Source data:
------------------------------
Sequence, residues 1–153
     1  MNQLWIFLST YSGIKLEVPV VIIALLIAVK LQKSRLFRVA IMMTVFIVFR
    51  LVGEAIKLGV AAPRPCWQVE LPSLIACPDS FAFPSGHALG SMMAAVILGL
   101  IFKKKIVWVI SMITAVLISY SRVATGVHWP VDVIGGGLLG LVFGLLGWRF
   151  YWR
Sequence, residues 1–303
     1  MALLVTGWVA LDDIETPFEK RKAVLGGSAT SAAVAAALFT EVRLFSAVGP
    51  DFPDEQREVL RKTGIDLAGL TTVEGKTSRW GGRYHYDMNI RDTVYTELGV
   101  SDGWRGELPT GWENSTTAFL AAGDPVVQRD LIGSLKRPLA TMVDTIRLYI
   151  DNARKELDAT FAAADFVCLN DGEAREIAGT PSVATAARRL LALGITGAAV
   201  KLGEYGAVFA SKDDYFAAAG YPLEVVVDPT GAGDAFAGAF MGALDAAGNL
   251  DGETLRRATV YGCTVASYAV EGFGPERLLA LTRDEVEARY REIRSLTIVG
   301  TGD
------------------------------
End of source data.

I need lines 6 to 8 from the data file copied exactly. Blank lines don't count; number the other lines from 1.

Sequence, residues 1–303
     1  MALLVTGWVA LDDIETPFEK RKAVLGGSAT SAAVAAALFT EVRLFSAVGP
    51  DFPDEQREVL RKTGIDLAGL TTVEGKTSRW GGRYHYDMNI RDTVYTELGV